‘He Groaned, His Knees Buckled . . . He Collapsed’ : Politics: A firsthand account of President Ronald Reagan’s shooting shows the tension--and humor--of his medical care. It also reignites questions about relieving a leader of power.
Ben Aaron was watching the blood pour out of Ronald Reagan’s chest, more than a cup of it every 15 minutes. Unlike the bright hue of freshly oxygenated blood, this blood was a dark ruby color--"ominously dark,” Aaron thought.
It was a rainy afternoon on March 30, 1981, and Dr. Benjamin Aaron, chief of cardiothoracic surgery at George Washington University Hospital, was “concentrating mightily” on the medical problem--not the person--in front of him.
Still, there was no denying that the patient on the gurney was in fact the President of the United States.
“In the back of my head, this little voice kept saying, ‘Don’t screw up on this one!’ That went through my mind a lot,” Aaron recalls now.
In today’s edition of the Journal of the American Medical Assn., Aaron and his hospital colleague, Dr. S. David Rockoff, offer “the only authoritative, firsthand account” of Reagan’s medical care after the 1981 assassination attempt.
The account varies little from many previous reports, but it does provide new details about Reagan’s irrepressible humor (even while on a ventilator), his brush with hepatitis from possibly contaminated blood, and his surgeon’s concern about public reaction to the idea of leaving a bullet in a President’s chest.
While Aaron and Rockoff do not mention the controversy that developed later over their famous patient’s ability to govern, their report also reignites the debate over how and when a disabled leader should be relieved of power.
As testimony to the growing urgency of such questions, JAMA editors frame the medical report on Reagan’s gunshot wound with an extraordinary set of commentaries and editorials on the vulnerability of U.S. Presidents and the national need for better ways to deal with an incapacitated President.
“The problem is not simply hypothetical,” writes former President Jimmy Carter in a special essay for the medical journal. “We must find a better way.”
For Carter and other contributors to the JAMA debate, one way might be to create an independent panel of medical experts to decide when a President is not fit to govern.
According to Carter, who once fainted in office from exhaustion, the possibility of a U.S. President becoming disabled--particularly by a neurological illness--presents a “continuing danger to our nation.”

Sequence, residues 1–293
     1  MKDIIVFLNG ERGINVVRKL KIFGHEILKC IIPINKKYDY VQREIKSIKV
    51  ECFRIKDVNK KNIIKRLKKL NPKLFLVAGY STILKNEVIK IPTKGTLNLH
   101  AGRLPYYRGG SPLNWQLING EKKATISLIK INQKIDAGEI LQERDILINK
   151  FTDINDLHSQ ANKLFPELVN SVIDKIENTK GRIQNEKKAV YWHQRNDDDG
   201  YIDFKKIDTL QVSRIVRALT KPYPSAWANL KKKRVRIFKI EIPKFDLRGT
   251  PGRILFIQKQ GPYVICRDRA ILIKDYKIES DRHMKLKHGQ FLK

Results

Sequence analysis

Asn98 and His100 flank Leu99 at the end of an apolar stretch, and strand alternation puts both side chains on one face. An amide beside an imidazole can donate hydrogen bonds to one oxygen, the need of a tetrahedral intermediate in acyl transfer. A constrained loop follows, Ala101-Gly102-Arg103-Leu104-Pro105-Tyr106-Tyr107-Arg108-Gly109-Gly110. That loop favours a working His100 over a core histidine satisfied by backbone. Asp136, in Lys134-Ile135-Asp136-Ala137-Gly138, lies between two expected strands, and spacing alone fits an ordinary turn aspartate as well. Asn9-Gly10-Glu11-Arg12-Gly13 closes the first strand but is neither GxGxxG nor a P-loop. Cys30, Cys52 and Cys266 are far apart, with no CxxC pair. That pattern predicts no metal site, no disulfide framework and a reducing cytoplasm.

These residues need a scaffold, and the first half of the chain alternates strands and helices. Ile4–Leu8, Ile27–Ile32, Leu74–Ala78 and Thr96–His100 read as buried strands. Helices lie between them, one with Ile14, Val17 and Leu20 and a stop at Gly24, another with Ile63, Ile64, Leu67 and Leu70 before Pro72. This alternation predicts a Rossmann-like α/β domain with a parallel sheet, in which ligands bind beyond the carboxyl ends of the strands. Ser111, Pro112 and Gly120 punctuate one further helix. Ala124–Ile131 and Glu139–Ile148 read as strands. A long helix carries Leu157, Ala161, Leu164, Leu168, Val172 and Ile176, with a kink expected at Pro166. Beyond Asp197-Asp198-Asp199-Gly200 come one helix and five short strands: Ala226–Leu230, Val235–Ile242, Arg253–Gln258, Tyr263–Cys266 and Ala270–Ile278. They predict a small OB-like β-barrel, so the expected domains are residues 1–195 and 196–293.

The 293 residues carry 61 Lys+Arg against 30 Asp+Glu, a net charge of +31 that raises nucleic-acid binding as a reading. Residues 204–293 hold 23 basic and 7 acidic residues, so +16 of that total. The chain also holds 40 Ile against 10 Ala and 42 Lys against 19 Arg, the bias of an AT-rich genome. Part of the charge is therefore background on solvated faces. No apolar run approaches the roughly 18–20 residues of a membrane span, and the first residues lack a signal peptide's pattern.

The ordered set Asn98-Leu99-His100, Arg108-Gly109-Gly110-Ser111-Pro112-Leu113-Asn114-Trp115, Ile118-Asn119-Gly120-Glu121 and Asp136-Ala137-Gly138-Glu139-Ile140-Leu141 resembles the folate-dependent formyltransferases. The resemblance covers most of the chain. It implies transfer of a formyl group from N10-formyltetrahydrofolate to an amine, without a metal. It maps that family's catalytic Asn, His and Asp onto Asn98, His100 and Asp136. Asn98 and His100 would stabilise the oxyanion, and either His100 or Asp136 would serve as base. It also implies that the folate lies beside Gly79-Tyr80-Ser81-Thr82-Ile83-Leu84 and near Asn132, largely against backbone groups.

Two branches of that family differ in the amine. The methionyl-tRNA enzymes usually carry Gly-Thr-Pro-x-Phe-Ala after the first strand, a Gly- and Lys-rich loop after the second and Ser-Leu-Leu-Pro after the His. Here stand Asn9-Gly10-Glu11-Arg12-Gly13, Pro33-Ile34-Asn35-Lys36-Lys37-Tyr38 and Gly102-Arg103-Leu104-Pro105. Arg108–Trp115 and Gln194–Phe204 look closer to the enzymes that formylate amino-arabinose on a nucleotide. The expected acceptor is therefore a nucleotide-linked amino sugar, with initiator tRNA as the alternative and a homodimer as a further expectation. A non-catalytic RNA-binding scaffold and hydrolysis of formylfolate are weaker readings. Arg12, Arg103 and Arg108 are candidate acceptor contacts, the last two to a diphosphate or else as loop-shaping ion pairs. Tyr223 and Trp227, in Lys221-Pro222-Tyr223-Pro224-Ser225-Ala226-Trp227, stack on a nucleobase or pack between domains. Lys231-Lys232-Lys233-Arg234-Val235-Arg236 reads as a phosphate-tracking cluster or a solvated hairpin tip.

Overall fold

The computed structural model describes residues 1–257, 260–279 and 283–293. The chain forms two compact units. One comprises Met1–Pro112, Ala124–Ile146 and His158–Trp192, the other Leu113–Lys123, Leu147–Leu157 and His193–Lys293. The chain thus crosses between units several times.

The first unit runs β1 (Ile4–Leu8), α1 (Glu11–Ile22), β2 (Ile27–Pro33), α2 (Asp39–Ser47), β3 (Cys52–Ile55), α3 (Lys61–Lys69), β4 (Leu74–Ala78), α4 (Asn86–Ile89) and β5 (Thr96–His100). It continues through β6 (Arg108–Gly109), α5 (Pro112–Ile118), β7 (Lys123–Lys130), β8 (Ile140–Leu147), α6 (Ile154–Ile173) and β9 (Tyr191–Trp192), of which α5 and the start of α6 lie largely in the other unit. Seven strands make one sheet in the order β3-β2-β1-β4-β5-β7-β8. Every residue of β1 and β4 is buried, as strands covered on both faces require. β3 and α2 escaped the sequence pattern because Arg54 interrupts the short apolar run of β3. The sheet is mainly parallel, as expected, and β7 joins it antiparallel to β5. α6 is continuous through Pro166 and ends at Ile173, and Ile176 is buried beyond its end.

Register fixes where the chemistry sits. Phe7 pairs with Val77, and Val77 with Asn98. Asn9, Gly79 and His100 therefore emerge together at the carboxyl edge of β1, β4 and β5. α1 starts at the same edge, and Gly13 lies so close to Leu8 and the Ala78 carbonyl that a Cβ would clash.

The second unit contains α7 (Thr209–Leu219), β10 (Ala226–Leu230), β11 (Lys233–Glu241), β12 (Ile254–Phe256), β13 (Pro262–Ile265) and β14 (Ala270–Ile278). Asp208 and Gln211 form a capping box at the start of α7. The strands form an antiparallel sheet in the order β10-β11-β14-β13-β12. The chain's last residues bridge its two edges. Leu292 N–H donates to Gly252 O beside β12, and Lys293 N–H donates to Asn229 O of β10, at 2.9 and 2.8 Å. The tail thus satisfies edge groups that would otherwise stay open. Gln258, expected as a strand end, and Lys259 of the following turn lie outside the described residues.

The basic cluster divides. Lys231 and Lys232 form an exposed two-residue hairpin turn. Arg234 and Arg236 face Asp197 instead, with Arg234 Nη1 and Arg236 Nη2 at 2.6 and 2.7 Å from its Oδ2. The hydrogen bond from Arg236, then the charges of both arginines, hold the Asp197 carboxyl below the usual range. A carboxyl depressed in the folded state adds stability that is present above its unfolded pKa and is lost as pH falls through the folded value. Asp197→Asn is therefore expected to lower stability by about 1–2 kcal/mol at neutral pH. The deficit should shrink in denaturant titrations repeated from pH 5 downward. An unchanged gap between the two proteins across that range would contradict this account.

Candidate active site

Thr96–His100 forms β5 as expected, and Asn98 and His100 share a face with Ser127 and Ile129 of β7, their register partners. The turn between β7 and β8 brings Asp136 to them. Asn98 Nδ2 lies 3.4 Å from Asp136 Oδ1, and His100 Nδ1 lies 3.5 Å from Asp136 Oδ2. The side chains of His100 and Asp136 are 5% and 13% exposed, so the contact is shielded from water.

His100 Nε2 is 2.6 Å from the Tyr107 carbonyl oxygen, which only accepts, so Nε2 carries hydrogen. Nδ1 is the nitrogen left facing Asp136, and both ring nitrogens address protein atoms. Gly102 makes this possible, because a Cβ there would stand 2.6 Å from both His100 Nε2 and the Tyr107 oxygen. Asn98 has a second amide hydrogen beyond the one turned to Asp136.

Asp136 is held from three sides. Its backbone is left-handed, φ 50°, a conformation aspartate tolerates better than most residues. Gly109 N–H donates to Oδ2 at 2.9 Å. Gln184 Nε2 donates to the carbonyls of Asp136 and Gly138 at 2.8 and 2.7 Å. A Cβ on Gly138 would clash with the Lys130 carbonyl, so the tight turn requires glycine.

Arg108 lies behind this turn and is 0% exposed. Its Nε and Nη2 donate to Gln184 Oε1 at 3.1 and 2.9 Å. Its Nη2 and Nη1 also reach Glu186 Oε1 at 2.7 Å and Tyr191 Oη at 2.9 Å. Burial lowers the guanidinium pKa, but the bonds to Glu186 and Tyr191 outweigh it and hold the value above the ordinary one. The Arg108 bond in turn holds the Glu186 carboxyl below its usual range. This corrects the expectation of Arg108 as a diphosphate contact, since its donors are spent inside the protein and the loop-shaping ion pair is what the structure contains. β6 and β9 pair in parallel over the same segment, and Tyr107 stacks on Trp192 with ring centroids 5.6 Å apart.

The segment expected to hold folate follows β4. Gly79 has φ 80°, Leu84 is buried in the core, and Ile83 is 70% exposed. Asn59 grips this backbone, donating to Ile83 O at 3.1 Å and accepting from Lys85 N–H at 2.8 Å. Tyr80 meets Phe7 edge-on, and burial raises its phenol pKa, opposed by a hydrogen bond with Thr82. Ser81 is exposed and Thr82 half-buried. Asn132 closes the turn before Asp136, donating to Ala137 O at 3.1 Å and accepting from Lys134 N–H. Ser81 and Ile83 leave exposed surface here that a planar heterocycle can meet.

Less than 10 minutes after Reagan; his press secretary, Jim Brady, and two others were ambushed outside the Washington Hilton, the President walked through the triple glass doors of the George Washington University Hospital emergency room.
No one--including the President--believed that he had been shot, only that he had been injured during the getaway from the chaotic scene.
“I feel I can’t catch my breath,” he told the nurses rushing toward him. His teeth were stained with blood and he was gasping for air.
“He groaned, his knees buckled, and he began to fall. . . . He dropped to one knee. He then collapsed and was carried to the trauma room,” according to the doctors’ report.
“When he came in, his blood pressure was nonexistent,” Aaron said in an interview this week. At first, doctors and nurses believed Reagan was having a heart attack. Not until his expensive blue suit and monogrammed shirt were cut away did it become clear that he had been shot. Beneath his left armpit was a buttonhole-like slit in the skin--the entry wound of the bullet.
The emergency room team began giving Reagan oxygen, intravenous fluids and type O Rh-negative blood from the hospital’s blood bank. Before the day was over, the President would receive almost four quarts of blood--more than half his body’s supply. It was not until April 4 that a federal laboratory reported that some of the blood Reagan received was “suspicious” for hepatitis B contamination.
“The screens we were running in the hospital in those days showed none of that,” Aaron told The Times. “Of course, until late 1984 or early 1985, there was no test for HIV either. All our blood was Red Cross-certified, and nobody seemed especially surprised that these extraordinary (additional) tests turned up some suspicions.”
To head off the hepatitis, Aaron injected the President with gamma globulin and hyperimmune beta globulin.